But most film-goers (apparently) couldn’t care less.  So what if “Cloverfield” was just a tarted up “Godzilla” flick?   Big deal if “300” is historically inaccurate.  They lined up in the driving rain for an hour to see “Star Trek” and will happily, uncomplainingly plunk down forty or fifty bucks when the “special ultimate limited edition” of “Avatar” is released this summer, with hours of bonus footage and deleted scenes and alternate endings and–

Okay, sorry I’m coming across so smug and morally superior.  After all, Mr. Trekkie here just had to see “XI”, didn’t he, even if it was only to confirm it was as bad as I feared (actually, it was far worse).

But that was an aberration.  Something completely out of character for me.  Usually I resist the blandishments of the ads and trailers and ignore the well-meaning twits who say “well, I thought it was different from the usual stuff”.  People inured to the eye candy and mindless, adolescent shite that pollutes theatres and the “New release” section of local movie stores, reducing a once-great art form to utter pap.

The “Star Trek” movie was merely confirmation of what I already knew.  I don’t fit the demographic of contemporary film-goers.  I have pubic hair and a real job; a life.  I left that movie feeling like I’d been swindled by a particularly graceless and inept con man.  The plot was ridiculous, it made no sense and, again, it made gazillions.  I just don’t get it.  These films, the remakes and sequels that show up week after week, are completely devoid of personality and any nuances or dashes of fine detail are entirely computer generated.  What’s the appeal, folks?  Why are you so averse to films that make you think?

Fuck the new “Sherlock Holmes” film, even if Guy Ritchie is directing.  Especially if Guy Ritchie is directing.  Here’s a guy with some talent (“Lock, Stock & Two Smoking Barrels” and “Snatch”), participating in the utter rubbishing of one of the great characters in English literature.  I’m a fan of the stories, I’m a huge fan of Jeremy Brett’s sublime interpretation of the master detective and I will not be seeing this new version.  Transforming the cerebral sleuth into an action hero is an act of artistic heresy.  For his crimes against the canon, Ritchie should be burned atop a pile of Madonna albums.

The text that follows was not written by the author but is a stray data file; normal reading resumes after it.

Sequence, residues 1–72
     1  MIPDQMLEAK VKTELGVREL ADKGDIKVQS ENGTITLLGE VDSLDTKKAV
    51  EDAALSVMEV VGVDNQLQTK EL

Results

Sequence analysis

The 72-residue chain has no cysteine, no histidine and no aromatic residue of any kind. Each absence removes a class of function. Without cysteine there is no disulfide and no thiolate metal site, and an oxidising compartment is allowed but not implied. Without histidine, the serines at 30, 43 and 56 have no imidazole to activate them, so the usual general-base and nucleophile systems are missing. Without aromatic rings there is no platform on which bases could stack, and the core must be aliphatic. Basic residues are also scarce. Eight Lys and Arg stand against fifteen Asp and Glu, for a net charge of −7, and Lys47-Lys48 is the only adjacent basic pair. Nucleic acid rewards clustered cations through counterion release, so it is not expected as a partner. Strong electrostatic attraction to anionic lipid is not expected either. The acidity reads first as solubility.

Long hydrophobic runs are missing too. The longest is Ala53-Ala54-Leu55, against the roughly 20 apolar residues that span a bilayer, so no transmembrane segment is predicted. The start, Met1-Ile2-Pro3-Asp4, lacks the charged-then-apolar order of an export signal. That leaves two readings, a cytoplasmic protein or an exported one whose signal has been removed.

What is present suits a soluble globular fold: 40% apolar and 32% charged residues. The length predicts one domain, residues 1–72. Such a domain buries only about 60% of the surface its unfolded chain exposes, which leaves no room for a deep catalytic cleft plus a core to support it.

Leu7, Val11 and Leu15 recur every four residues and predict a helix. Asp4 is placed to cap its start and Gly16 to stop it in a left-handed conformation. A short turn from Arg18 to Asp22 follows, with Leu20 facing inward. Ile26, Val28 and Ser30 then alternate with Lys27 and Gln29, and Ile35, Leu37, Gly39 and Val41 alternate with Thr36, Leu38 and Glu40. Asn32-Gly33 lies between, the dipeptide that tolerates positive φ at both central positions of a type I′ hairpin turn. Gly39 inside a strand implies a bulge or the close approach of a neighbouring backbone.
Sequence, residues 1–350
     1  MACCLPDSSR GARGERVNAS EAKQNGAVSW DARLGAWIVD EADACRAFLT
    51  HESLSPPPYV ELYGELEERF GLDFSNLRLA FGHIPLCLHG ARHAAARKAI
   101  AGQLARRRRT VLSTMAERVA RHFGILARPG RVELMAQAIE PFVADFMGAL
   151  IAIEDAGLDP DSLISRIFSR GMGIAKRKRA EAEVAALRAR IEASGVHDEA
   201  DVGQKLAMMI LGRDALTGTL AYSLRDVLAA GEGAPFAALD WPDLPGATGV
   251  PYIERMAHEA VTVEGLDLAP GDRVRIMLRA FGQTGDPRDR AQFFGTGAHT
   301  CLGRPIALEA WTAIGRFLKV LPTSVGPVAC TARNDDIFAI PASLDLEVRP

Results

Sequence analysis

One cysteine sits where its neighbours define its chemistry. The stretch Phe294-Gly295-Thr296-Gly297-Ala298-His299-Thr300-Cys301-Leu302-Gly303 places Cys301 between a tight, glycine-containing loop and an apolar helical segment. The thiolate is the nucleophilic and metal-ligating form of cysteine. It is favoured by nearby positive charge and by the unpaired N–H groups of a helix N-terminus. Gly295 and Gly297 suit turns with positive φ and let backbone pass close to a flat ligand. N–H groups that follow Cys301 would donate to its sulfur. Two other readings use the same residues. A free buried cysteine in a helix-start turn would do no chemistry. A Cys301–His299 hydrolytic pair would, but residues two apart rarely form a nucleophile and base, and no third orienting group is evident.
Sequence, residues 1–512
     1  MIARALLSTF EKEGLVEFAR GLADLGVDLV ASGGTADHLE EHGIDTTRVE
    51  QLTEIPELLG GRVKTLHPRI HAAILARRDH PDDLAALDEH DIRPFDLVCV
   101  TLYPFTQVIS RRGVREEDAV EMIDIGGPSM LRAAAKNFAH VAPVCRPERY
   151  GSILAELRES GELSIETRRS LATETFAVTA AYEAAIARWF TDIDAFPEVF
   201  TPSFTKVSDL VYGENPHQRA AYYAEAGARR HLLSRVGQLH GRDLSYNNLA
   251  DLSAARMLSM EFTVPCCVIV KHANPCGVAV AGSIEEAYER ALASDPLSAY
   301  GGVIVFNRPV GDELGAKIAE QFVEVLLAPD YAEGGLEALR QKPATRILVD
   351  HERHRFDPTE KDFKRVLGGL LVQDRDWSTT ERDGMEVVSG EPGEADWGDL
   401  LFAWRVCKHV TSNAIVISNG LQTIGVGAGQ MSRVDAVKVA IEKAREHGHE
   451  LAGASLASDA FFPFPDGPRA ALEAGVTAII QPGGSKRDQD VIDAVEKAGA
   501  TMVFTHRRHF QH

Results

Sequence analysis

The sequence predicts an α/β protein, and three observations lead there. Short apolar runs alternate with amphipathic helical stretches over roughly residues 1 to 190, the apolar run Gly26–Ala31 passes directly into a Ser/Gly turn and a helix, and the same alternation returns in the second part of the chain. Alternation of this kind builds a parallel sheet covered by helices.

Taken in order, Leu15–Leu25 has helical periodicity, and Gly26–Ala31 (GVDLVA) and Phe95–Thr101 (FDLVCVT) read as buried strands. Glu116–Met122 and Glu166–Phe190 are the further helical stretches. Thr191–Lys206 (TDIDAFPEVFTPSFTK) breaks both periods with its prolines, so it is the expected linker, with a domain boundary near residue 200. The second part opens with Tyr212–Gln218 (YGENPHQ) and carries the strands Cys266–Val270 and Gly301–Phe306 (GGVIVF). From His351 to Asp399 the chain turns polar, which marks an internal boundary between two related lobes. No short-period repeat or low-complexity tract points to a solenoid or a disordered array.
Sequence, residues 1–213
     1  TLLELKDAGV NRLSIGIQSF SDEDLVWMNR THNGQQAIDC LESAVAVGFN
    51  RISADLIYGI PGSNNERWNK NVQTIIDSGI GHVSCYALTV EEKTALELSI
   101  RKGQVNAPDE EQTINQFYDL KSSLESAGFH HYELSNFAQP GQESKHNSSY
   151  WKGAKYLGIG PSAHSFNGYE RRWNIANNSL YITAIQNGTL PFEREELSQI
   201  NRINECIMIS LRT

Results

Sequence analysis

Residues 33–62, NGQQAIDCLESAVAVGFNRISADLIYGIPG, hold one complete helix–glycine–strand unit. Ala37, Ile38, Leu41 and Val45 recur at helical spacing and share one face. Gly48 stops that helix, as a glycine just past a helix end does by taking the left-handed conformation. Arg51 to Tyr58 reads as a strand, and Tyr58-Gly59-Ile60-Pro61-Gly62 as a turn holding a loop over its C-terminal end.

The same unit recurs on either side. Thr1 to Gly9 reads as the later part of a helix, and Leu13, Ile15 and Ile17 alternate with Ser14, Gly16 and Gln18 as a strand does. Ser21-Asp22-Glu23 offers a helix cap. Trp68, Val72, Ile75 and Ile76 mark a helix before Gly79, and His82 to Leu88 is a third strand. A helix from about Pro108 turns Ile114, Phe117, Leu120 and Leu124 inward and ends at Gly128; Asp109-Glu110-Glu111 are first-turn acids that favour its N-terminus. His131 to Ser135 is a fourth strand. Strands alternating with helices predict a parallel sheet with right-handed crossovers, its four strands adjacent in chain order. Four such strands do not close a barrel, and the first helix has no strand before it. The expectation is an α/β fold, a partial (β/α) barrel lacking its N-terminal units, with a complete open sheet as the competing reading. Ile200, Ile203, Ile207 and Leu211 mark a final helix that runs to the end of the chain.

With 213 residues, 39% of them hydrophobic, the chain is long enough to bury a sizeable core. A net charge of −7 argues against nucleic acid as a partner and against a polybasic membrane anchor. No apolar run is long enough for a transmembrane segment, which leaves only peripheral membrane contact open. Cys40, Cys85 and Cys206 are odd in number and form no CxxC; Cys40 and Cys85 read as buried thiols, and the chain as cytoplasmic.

Okay, Mr./Ms. Average film-goer, here’s what I want you to do.  I want you to repeat after me:

I am hereby declaring myself immune to hype and vital marketing campaigns; I will sneer at the latest franchise film, scoff at the laughably glowing reviews it receives from idigdumbmovies.com or KCLR Radio Topeka.

“The #1 Movie of the Summer!”

“The motion picture event of the year!”

“The Best Movie Ever!”

Sorry, we’ve hear that before, haven’t we?

It’s been many years since I’ve been the slightest bit interested in partaking of the latest “must see” film.  I avoid the new stuff, instead plunge into the stacks, the “catalogue” movies.  Making forays into Saskatoon and pillaging their main library.  Finding films and checking them off my list.  Old noir, classics of every genre, every era.  The kind of titles that are gradually being weeded out of local rental shops to make space for 50 copies of “Spiderman 6” or an entire wall devoted to the “Laverne & Shirley:  The Movie”.   And I use the wonders of technology, go on-line and track down the movies I’ve heard about, yearned to see for years, decades:  Murnau and Fellini and Dreyer and Clouzot; foreign and silent films, cult curios, visual melodies and meditations assembled and spliced from the zeitgeist.

It’s hard to turn up Monte Hellman films these days (try it sometime)…good Lord, someone’s selling some old Herzog flicks on eBay…and here’s my hero, Orson Welles, snippets from “Filming Othello” broadcast on YouTube .  I watch them all and then seek out the Micheál Macliammóir film diary Welles alludes too.  It’s wonderful , as well.

Recently I secured a copy of the remastered Criterion edition of “M”.  And it’s high time I watched my VHS copy of King Vidor’s “The Crowd” again…

There is more craft, thought and artfulness put into either of those efforts than any flick released in the past ten years.  Maybe longer.  Isn’t that something?  And they’re both at least 80 years old.